by Taryn Wilgus Null, MARGARET Fund Fellow
National Women's Law Center
Take note, Larry Summers.
Less than three years ago, then-president of Harvard Larry Summers stated at an academic conference that the paucity of women at the highest levels of math and science might be a result of innate differences between men's and women's abilities. We were dismayed at his comments then and now there is further evidence that he didn't quite know what he was talking about. Yesterday, for the first time in the history of the Siemens Competition in Math, Science and Technology, girls placed first in both the team and individual categories. First prize in the team category went to Janelle Schlossberger and Amanda Marinoff, who created a molecule that helps block the reproduction of drug-resistant tuberculosis bacteria. The seventeen-year-old girls will split a $100,000 scholarship. Isha Himani Jain, who is sixteen, won a $100,000 scholarship in the individual category for her studies of bone growth in zebra fish.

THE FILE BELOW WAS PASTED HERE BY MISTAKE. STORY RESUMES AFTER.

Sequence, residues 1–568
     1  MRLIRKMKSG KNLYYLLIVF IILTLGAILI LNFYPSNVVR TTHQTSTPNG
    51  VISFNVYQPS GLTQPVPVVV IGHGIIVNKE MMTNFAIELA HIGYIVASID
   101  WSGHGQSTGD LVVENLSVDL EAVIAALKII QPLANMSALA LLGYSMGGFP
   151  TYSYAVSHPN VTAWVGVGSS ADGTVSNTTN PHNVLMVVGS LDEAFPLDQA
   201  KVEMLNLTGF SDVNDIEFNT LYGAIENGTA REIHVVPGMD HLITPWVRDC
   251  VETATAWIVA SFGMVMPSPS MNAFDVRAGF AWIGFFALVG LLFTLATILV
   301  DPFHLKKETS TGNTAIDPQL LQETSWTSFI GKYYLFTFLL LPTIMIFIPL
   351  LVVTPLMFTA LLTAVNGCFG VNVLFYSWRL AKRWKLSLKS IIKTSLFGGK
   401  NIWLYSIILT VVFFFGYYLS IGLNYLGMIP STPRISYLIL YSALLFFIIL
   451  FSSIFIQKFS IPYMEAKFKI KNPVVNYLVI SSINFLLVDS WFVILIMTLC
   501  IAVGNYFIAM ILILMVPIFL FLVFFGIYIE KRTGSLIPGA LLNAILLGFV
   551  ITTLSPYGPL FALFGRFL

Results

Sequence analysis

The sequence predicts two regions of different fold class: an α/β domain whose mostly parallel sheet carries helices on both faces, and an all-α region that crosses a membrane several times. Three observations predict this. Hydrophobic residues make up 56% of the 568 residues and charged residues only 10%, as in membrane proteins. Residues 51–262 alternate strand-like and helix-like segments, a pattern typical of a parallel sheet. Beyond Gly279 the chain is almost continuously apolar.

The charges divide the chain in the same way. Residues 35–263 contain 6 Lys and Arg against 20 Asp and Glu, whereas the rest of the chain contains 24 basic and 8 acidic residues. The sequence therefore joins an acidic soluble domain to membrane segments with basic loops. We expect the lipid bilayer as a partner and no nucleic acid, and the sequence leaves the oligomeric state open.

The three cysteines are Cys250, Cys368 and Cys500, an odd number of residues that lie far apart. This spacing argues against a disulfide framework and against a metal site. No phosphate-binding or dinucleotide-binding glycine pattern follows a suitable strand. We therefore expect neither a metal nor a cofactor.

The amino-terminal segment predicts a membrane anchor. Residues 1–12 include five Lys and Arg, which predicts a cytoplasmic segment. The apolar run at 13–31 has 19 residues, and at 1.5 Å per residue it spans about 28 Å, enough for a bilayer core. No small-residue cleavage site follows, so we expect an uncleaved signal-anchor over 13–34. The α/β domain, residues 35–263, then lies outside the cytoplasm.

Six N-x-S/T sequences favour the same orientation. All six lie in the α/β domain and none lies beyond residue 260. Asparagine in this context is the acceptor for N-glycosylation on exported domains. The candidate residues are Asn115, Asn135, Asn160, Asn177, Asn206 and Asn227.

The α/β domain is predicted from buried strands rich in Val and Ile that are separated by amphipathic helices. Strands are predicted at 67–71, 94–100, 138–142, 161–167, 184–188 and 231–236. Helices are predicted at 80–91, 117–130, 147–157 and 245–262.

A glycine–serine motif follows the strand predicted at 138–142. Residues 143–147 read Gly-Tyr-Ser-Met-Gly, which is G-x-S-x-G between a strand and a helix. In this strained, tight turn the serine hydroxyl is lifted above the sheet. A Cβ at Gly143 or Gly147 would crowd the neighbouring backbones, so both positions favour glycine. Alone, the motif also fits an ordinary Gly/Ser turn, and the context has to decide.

On a day when it was reported that the math and science skills of American teens lag behind those of their peers in many other industrialized countries, we can be heartened that these young women are excelling in spite of stereotypes and biases about the science and math abilities of girls and women.
These girls have already set ambitious goals for themselves in their chosen fields. Ms. Schlossberger plans to study physics in college while Ms. Marinoff plans to study both biology and French and hopes to become a doctor for Doctors Without Borders. After studying biology and math in college, Ms. Jain aspires to lead a lab focused on those disciplines. Given their accomplishments thus far, the sky is clearly the limit for these talented young women. Harvard may want to keep an eye out for these girls.